Phelps v Hillingdon LBC [2001] 2 AC 619

Key point

  • The case signals a shift away from blanket exclusion of public authorities from duties of care on public policy grounds

Facts

  • This ruling concerns the combined appeal of three cases which concerned claimants who were dyslexic and a fourth where the claimant was suffering from muscular dystrophy
  • Cs claimed that educational psychologists employed by local authorities (Ds) negligently failed to identify their special needs when they were children through psychological assessment and consequently failed to provide appropriate education services for their needs
  • Damages amounting to loss of earnings and cost of tuition were claimed

Held (House of Lords)

  • Ds owed a duty of care to Cs and were negligent in performing their duty
  • Their duty of care was not excluded on public policy grounds

Lord Slynn

Justiciability

  • The fact that acts which are claimed to be negligent are carried out within the ambit of a statutory discretion is not in itself a reason why it should be held that no claim for negligence can be brought in respect of them
  • It is only where what is done has involved the weighing of competing public interests and Parliament did not intend for the courts to substitute their judgment that a decision can be non-justiciable on the ground that the decision was made in the exercise of a statutory discretion
  • The current cases are justiciable

Duty of care had arisen

  • A duty of care can be owed in principle – it has long been established that persons exercising a particular skill or profession may owe a duty of care in the performance if injury or damage from lack of care is foreseeable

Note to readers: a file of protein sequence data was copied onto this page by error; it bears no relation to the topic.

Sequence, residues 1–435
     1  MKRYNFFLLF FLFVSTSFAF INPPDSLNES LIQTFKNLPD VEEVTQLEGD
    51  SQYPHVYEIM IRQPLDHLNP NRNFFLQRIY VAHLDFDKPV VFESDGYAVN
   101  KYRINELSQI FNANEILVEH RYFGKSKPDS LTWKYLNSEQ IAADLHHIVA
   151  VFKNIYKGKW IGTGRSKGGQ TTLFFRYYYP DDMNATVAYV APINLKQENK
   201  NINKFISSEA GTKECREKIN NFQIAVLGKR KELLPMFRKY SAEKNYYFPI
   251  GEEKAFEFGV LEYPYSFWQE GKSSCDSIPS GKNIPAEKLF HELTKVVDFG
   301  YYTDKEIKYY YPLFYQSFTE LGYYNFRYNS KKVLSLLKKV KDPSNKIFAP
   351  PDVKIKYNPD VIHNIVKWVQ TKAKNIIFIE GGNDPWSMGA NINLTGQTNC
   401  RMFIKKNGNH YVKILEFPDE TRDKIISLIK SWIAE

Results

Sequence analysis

• The relationship of the psychologist with the child and the pivotal role her assessment played created the necessary nexus and duty

Lord Clyde

Public policy not ground for immunity

  • The claims of floods of vexatious claims and defensive conduct were restricted by the Bolam test which must be met
  • Even if there are alternative procedures by which some form of redress might be obtained, such as resort to judicial review, or to an ombudsman, or the adoption of such statutory procedures as are open to parents, which might achieve some correction of the situation for the future, it may only be through a claim for damages at common law that compensation for the damage done to the child may be secured for the past as well as the future

Policy/operation distinction rejected

  • The policy/operation distinction does not provide any absolute test to determining whether a case allows for the imposition of a duty of care but may provide some guide
  • It was recognised by Lord Browne-Wilkinson in X (Minors) v Bedfordshire County Council [1995] 2 AC 633 , 738 that even in matters of a discretionary character the authority may be liable in damages if its decision falls without the ambit of the discretion, as where the action taken is so totally unreasonable as to amount to an abuse of the discretion

Current case

  • On the facts there was sufficient proximity to justify a duty of care
  • While the psychologists were advising teachers, the parents were also recipients of the advice